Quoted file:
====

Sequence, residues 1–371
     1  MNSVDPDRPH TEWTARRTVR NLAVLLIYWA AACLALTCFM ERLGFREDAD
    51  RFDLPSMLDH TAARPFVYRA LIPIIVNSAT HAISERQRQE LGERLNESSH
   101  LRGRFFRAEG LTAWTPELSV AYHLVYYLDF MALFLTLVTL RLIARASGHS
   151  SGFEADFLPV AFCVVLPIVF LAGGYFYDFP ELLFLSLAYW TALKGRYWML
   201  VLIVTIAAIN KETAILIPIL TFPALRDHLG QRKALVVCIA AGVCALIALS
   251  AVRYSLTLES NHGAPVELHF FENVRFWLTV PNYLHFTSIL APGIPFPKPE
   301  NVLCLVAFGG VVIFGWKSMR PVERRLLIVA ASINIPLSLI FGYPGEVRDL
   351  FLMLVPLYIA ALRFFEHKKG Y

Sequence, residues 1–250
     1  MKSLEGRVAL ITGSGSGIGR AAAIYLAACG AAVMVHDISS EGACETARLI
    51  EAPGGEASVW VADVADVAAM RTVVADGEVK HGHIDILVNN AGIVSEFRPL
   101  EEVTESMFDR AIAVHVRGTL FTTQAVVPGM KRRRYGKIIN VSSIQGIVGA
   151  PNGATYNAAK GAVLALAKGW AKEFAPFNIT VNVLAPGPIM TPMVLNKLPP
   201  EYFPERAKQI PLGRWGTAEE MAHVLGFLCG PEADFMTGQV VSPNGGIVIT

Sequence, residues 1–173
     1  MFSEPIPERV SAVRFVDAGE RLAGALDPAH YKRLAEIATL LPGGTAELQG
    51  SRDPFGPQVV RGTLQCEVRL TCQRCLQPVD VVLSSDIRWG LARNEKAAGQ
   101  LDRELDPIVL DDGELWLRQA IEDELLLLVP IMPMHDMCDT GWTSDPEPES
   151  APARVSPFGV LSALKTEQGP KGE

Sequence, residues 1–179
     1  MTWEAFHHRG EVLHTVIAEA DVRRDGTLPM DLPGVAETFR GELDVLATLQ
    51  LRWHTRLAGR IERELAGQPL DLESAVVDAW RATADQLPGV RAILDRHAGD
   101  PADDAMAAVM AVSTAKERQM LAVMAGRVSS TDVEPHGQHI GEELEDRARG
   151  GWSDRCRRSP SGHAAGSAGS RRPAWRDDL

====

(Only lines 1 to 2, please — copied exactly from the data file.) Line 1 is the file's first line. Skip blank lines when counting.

Sequence, residues 1–371
     1  MNSVDPDRPH TEWTARRTVR NLAVLLIYWA AACLALTCFM ERLGFREDAD